County Board tables potential Fraternite litigation settlement

By Gregory Harutunian For Chronicle Media

Sisters of the Fraternite of Notre Dame Order arrive for a 2015 county zoning board of appeals meeting. (Photo by Gregory Harutunian/for Chronicle Media)

The McHenry County Board set aside discussions on a settlement to resolve civil litigation brought against it by the Fraternite of Notre Dame Order, during its March 19 regular session. The matter had been listed as an agenda item, possibly signaling a thaw in the dispute through a negotiated accord, but was ultimately tabled until an April meeting.

The board had voted to deny a request by the Order for a special-use permit at their rural Marengo county property during its Sept. 15, 2015 session by a 21-2 vote, subsequently prompting the suit’s initiation on constitutional grounds and overt denial of religious freedoms.

At issue is the Order’s request for a permit to build and occupy a boarding school for boys and girls, an assisted living facility for the elderly with hospice care, a bakery, a brewery, a winery with sampling room, a larger gift shop, and dormitory for student and staff housing at their site on 10002 Harmony Hill Road.

“As I understand it, the matter was tabled for future discussions,” said James C. Geoly, the litigant attorney, representing the order. “We are involved in productive settlement talks and working very hard on getting this settlement accomplished. The delay is no one’s fault. It’s just taking a little bit longer.”

The petition process also endured a series of contentious hearings at the McHenry County Zoning Board of Appeals level in 2015, and received a 4-3 neutral vote indicating no clear recommendation for the county board. Testimony and comment at the ZBA hearings included the Order’s representatives, a cadre of nearby residents from the Harmony Hills Estates subdivision, and Coral township officials. A counter-petition, with more than 800 signatures, contended the Order’s proposal essentially constituted a commercial enterprise in a rural area.

The permit sought approval for the expansion on an additional 30 acres of property, and was viewed as augmenting a previous special-use permit that was granted in 2005. Particulars of the Order’s lawsuit noted that several businesses, including a golf course serving alcohol operate nearby the property and obtained code licensure.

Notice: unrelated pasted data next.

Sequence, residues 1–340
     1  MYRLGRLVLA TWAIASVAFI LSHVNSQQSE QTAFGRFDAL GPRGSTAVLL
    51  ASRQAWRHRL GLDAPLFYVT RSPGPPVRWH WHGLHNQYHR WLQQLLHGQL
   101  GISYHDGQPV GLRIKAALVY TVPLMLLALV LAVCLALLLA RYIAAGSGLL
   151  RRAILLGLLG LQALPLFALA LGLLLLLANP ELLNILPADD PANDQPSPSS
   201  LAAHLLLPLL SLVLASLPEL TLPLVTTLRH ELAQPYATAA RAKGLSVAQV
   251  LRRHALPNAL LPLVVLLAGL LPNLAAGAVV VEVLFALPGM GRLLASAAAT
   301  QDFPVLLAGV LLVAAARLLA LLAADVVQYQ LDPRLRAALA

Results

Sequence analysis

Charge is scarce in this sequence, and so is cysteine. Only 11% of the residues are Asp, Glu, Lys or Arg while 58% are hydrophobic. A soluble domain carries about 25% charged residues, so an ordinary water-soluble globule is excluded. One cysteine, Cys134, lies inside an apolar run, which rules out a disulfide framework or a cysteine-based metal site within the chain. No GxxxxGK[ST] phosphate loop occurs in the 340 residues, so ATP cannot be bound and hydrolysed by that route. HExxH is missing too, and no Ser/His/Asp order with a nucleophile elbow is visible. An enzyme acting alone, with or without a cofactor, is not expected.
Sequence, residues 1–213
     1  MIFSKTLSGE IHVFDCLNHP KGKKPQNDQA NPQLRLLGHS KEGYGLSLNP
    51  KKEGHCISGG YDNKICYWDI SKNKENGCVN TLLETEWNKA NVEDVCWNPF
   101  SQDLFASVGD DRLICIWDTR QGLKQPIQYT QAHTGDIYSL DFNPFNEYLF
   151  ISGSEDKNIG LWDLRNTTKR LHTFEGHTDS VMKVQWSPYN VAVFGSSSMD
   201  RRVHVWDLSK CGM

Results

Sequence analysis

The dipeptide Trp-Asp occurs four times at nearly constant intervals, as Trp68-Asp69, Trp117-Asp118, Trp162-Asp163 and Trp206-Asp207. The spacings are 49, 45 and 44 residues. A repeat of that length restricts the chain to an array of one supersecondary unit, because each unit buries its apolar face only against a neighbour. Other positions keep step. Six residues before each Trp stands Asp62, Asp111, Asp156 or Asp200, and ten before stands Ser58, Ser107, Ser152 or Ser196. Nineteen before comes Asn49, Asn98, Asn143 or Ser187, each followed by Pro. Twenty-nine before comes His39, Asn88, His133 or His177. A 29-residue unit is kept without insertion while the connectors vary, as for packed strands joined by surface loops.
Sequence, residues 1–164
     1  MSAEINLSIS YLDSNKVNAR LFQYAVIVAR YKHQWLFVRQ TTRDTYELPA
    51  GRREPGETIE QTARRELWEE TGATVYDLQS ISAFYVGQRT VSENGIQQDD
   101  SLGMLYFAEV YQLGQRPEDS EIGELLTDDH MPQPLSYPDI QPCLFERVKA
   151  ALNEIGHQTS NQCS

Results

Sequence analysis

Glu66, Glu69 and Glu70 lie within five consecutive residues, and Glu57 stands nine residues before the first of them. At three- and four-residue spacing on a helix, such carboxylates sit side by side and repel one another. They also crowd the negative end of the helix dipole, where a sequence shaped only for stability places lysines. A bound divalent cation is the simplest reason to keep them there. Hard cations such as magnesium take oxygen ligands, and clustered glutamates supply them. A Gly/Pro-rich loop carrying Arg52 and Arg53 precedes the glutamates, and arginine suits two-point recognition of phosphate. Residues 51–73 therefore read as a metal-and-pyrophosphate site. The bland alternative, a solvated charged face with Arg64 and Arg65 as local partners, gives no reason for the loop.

The filing of the special-use permit petition came in September 2014, one month before a newly adopted county Unified Development Ordinance was effectuated. The Order, housed on 95 acres, received its prior 2005 approval to encompass a place of worship with a monastery and church, a seminary, a convent, a retreat center, a bakery, a printing press, and a cemetery.

Current points of conflict included the school for kindergarten through 12 grade, and the nursing facility for the elderly, with hospice care.

The Order has its roots in France and was inaugurated in 1977, by Bishop Jean Marie Kozik, on a vision of the Virgin Mary and a commission to aid the underprivileged and needy of the world. They had established themselves in the Chicago neighborhood of Austin, before acquiring the McHenry County parcel.

“There are certain procedural issues to bear out on the right way to go, with this,” said Geoly. “The Sisters have asked to build certain structures and both sides have compromised on the issues. Hopefully, the settlement will be accomplished soon.”



County Board tables potential Fraternite litigation settlement–